Creating See-Through Government

Transparency and accountability are more important than ever. There are steps managers should take to achieve those goals.
October 6, 2009
Jerry Mechlin
By Jerry Mechling  |  Contributor
A consultant and former faculty member of the Harvard Kennedy School

Over the past century, as societies have grown more complex, so have problems of government transparency and accountability. The present economic crisis serves to exacerbate the public's longstanding anxieties and mistrust.

Fortunately, information infrastructures have matured to the point where leading governments are exploring ever-more-accessible options for increasing transparency and accountability. Web 2.0 and "cloud" tools, for instance, continue to make information sharing and collaboration easier and better.

While any transparency initiative will almost certainly involve technology, it will fail if conceived and implemented as a "technology" project. It will require, above all, committed leadership to engage not just the technology community but also general managers and, most importantly, government political leaders and overseers.

Public officials or managers looking to design successful transparency initiatives should first assess their degree of commitment and then seek private, candid conversations with those who have organized similar endeavors elsewhere. Certain opportunities to improve transparency and accountability may not be ripe for all settings, but they're out there, and worth considering.

The four steps outlined here represent an exploratory leading edge -- they are not yet widely implemented. Still, they are worth your attention. Transparency and accountability are essential for trust, and trust is essential for good governance.

1. Release data in computer-readable form. Data is the essence of transparency, and governments have loads of it. Until recently, however, sharing data was almost completely internal, as in efforts like New York City's CompStat, for policing, and similar performance-measurement projects. Now, projects like the District of Columbia's Data Feeds program and the new and efforts of the Obama administration, make it policy to release all data in computer-readable form. Data is only withheld for strong privacy and/or security reasons. The goal in releasing data is not only to make services more efficient through information sharing but also to demonstrate government's willingness to be transparent.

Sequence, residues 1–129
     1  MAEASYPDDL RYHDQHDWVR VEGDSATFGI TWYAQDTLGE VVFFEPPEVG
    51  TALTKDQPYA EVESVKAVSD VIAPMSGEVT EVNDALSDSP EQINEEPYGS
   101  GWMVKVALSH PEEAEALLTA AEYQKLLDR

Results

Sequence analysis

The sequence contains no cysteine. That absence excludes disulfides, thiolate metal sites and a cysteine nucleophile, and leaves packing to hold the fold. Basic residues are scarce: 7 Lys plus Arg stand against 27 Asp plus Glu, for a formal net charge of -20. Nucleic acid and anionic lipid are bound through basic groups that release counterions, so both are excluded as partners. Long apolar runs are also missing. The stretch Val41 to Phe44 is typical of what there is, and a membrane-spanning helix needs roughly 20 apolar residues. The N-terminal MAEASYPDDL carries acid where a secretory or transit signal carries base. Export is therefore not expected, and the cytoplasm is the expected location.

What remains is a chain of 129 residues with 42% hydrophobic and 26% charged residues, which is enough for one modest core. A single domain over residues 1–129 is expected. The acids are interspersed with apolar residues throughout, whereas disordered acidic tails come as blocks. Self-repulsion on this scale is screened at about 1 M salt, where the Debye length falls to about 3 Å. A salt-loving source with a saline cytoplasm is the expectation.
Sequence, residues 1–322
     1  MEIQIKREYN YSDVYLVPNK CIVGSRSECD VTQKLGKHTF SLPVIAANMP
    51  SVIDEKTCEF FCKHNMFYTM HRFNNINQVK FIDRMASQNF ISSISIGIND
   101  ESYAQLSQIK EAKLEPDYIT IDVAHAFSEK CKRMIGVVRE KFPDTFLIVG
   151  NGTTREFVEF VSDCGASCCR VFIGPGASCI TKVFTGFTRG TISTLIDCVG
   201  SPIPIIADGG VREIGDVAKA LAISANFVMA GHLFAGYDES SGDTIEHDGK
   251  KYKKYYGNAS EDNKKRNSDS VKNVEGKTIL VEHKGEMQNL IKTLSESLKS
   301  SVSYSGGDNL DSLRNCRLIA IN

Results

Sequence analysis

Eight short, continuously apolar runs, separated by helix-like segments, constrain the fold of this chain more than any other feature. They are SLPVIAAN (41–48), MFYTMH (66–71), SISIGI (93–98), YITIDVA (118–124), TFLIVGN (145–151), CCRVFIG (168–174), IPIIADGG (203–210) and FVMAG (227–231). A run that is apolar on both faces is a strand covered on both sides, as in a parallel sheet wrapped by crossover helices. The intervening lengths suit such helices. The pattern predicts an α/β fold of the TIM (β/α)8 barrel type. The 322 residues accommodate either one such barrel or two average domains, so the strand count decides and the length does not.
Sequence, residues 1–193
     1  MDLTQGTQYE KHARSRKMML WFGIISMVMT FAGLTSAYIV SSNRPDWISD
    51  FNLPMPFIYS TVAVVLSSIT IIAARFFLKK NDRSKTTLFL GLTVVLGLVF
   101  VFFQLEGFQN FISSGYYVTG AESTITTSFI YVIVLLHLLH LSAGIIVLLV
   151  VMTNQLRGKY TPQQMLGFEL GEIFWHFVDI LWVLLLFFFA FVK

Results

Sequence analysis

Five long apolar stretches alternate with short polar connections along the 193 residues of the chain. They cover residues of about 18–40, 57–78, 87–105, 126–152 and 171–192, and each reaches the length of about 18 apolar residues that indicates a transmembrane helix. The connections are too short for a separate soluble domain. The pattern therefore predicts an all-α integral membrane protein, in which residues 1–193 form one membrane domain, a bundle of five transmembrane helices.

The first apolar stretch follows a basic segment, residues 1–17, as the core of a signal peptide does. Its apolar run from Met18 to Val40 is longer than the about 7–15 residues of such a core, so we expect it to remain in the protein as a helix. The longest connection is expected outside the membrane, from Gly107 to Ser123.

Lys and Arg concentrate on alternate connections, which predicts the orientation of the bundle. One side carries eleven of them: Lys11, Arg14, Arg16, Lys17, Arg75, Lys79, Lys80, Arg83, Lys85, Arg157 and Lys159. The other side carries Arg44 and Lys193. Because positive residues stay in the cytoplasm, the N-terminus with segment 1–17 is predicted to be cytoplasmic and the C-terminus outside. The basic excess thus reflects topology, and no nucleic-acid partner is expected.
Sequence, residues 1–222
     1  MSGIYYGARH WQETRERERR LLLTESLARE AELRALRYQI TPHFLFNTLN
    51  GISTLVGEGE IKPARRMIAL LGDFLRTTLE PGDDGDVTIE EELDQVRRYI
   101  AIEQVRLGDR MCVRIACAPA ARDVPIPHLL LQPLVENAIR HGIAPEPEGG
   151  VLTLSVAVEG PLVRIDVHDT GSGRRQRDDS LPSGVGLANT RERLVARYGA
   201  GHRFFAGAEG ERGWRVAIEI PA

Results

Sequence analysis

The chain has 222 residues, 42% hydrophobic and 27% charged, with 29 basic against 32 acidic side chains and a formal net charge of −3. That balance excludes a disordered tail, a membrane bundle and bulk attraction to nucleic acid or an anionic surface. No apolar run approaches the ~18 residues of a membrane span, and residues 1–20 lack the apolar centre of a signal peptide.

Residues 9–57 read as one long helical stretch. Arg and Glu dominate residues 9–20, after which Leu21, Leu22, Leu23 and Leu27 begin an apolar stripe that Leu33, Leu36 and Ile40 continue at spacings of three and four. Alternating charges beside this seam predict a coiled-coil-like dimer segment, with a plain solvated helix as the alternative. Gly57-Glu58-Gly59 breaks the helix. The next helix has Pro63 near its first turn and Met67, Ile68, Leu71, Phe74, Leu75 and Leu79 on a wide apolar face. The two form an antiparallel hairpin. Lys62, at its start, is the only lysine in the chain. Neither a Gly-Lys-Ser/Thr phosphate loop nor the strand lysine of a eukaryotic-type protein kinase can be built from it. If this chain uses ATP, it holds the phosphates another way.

2. Collaborate visibly and with more internal and external stakeholders. To be useful, data must be analyzed and discussed. Web 2.0 tools make it easier for people inside and outside government to contribute to the conversations that inform government decision-making. Blogs, wikis, and the like contain lasting information that is easily created and easily searched. Intellipedia, Diplopedia and the Peer-to-Patent project are all examples of transparent collaboration and demonstrate how this potential is being pursued.

3. Evolve technology standards to support openness for the future. Some 35 years ago the standard that radically opened up information sharing was TCP/IP, followed eventually by HTML. As the Web moves towards more video and wireless information, new technologies for sharing information are evolving to support larger economies of scope and scale. In order for the next round of innovation to expand openness, however, rather than constrict it, we must properly balance standards for privacy and security and update concepts of net neutrality to avoid creating monopoly choke points. Development of agreed-upon standards -- a task largely overlooked -- may soon become the most important determinant in our ability to share the information needed for transparency and accountability.

4. Create organizations that foster transparency. Releasing data, fostering collaboration, and setting standards -- the steps noted above -- will not happen in a day. Success will require sustained budgets, staff and legal authority. While the financial costs will not be substantial, we will need new groups to support this work. Consider more institutions like Baltimore's CitiStat (to analyze city data), or the efforts supporting issue analysis by citizens panels of Scandinavian countries, and/or federal-state-local collaboration for new standards for the continually evolving internet "cloud." The budget process -- the most important policy process of government -- needs to be redesigned to support the work outlined above and the key goals of transparency and accountability.

Mistrust of government is a huge problem that has grown persistently worse as societies become more complex. Fortunately, new technologies for information sharing are making transparency and accountability more feasible. Are you already on the transparency/accountability leading edge? Should you be?